No authorization is required to reproduce, store in a
retrieval system or transmit in any form or by any means
(electronic, mechanical, photocopying, recording or otherwise), provided that the reproduction is accurate and not
sold, and that acknowledgement of the source work and
Industry Canada as author is included.
ISSN: 1206-0062
For more information, please contact Quadrant Educational
Media Services Inc., 258 Wallace Ave., Ste. 206, Toronto, ON
M6P 3M9, Tel.: (416) 537-2103, Fax: (416) 537-3491,
E -ma il : t e a c h m a g @ i s t a r. c a To co n t ac t
S ch oolNe t, c all 1 -800-575-9200. Visit the website at
www.schoolnet.ca and www.schoolnet.ca/magazine
Alberta School Charts New
Course for Teaching and Learning
by Angie Rumpf
troll into the main foyer of Banded Peak School in Bragg
Creek, Alberta, and the unique atmosphere immediately
strikes you. At first glance, the juxtaposition of vaulted glass
ceilings and ceramic tile murals with totem poles and log beams suggests a combination of old and new, traditional and innovative.
Walk to the right or left to the Collaborative Learning Centres —
banks of computers located at the junction of corridors leading to
the classrooms — and your suspicions are confirmed. There sit
Grade 2 students discussing returns on mock stock market investments and planning how to promote and sell a book they’ve written.
Another eight-year-old shares the design elements of her latest project, a story about a dragon — “too obvious on its own” — and a
polar bear. She explains the value of white space, and how having too
much text on a page would be unappealing to her readers.
Nearby, a Grade 8 student explains how she tracked down and
acquired permission to use a copyrighted image on her latest website, an assignment in Canadian history, and how she read and signed
the five-page contract with her teacher, Mr. Johnson, as cosigner.
She even paid the $10 fee out of her own pocket, later submitting an
expense claim to the school for reimbursement.
Bowled over by the depth and extent of these students’ knowledge, it’s easy to miss the fact that each and every one of them,
regardless of age or gender, is manipulating software with an ease
that would make the average business executive envious.
Without Limits
“The feeling here is that we want to know what happens when kids
aren’t given boundaries to their learning,” explains co-principal
Laurie Bowers. “And, frankly, they’re doing so well with it, going so
far beyond what we expected, that they’re forcing us to challenge
our own notions about teaching and learning.”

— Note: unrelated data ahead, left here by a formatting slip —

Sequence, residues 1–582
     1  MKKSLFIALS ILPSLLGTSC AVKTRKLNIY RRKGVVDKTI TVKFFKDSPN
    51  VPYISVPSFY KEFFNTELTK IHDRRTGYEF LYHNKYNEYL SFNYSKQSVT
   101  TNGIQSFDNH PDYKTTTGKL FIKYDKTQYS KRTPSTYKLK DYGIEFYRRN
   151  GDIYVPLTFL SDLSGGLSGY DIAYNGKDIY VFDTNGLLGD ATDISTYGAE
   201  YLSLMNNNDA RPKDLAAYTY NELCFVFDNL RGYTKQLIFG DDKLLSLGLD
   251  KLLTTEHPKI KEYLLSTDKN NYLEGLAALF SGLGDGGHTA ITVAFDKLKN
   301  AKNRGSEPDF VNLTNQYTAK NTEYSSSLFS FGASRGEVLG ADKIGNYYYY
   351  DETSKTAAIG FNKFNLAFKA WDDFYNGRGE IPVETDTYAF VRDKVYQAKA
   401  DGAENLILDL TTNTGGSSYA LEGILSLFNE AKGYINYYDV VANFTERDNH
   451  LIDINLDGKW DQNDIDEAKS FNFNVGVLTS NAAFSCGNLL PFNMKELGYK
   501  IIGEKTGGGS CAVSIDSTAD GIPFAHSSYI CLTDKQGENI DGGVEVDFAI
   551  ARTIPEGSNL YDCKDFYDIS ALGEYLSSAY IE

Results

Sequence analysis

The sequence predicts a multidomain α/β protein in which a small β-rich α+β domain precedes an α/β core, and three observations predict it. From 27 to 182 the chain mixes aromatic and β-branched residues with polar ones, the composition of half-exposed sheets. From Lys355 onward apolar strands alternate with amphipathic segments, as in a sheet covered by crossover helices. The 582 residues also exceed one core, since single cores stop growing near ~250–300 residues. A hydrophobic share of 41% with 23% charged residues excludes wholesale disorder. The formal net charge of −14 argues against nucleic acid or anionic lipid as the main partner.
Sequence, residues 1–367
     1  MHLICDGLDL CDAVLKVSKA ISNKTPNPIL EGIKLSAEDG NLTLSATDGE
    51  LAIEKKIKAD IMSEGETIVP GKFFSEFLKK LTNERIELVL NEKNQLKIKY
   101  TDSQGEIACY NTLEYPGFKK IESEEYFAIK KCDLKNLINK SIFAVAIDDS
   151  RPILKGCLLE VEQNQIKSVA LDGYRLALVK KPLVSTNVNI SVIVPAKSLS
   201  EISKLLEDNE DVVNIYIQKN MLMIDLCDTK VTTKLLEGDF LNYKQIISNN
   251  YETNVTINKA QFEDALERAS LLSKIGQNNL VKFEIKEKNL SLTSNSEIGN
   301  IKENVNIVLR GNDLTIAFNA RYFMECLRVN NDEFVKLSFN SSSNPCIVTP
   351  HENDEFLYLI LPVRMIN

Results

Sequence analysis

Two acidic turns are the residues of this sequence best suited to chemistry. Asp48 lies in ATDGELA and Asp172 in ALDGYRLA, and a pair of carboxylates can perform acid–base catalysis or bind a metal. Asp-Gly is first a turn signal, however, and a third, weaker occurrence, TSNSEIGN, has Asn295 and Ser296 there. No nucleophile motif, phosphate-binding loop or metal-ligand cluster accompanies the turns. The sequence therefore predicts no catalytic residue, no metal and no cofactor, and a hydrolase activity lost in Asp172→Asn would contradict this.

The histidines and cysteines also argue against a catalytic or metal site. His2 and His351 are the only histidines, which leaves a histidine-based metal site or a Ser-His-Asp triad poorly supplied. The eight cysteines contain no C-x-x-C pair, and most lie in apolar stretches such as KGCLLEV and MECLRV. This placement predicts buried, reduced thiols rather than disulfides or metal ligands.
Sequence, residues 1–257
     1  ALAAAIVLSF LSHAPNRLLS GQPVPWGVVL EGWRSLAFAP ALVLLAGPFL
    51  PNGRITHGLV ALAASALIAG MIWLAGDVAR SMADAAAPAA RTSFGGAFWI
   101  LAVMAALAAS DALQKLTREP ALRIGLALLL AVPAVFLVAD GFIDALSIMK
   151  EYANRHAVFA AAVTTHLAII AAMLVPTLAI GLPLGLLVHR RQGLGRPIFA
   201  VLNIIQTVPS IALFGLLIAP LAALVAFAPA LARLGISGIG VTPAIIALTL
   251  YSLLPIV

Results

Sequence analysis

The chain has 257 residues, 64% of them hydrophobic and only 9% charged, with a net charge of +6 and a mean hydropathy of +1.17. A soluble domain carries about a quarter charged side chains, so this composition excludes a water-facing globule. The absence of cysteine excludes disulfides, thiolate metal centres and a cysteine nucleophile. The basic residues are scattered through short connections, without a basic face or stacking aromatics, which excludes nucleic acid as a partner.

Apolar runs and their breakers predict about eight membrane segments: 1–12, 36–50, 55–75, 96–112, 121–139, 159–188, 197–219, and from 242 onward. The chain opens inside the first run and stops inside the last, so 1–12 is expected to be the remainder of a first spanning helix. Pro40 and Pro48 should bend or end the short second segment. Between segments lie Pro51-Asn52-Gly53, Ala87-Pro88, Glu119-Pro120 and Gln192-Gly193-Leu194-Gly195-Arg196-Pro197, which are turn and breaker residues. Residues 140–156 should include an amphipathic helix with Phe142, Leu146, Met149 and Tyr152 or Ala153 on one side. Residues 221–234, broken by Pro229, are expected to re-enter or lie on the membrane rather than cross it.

The work, according to Bowers, is about transforming teaching
and learning. Assignments are long-term and very in-depth — works
in progress, if you will. Subjects aren’t always segregated. Students
make many decisions here about their own learning with help from
their teachers, each of whom brings a specific area of expertise to
the table. Rather than just handing out information, teachers work
side by side with students as they discover new and exciting things
about themselves and their world.
True, application-based, self-directed learning isn’t necessarily a
new concept. But the way that Banded Peak’s teachers combine traditional concepts with state-of-the-art technology is, as is the way
the students use that technology to bring their ideas to life.
“Technology very beautifully enables project-based or inquirybased learning,” explains Bowers, “in that it provides access to the
wealth of information that’s out there. It also allows students to
express themselves creatively. It can be used in a linear fashion, but
our kids are often multidimensional in constructing their projects.
They jump around. They combine and integrate different mediums,
such as print, audio and painting or drawing.”
Take, for example, Mary Cameron’s Grade 2 class. Since first
grade, these students have been working on projects related to a
single theme: medieval times. What began as a study of history has
now extended into astronomy, astrology and myth. Assignments
incorporate math, language and computer skills alongside a growing
understanding of historical facts and scientific principles. Last year,
for instance, the students designed a castle using mathematical and
geometric skills. This year, they have written stories, alone or with a
friend, and incorporated these tales into intricate slide presentations.
As another example, consider the work that Banded Peak students
do with local not-for-profit organizations. The kids are paired up with
a representative from an organization to design a website. “The students essentially become teachers themselves, and it’s amazing to
watch them work with their partners. They’re quite brilliant at it,”
muses Bowers. “They know what questions to ask to get to the core
of what that person’s group is all about, its culture and characteristics. They’re really excellent communicators.”
A Different World
Bowers further notes that the world in which we live and raise children has different expectations than ever before. “The way we work,
the way we play, the way we synthesize information is different,” she
explains. “That will impact the way we learn and teach.”
After watching students interact with, and even shape, the technology they use every day, Bowers now sees the computer as more
than a communications tool. She would argue that the students don’t
allow technology to limit their imaginations. Rather, they’re so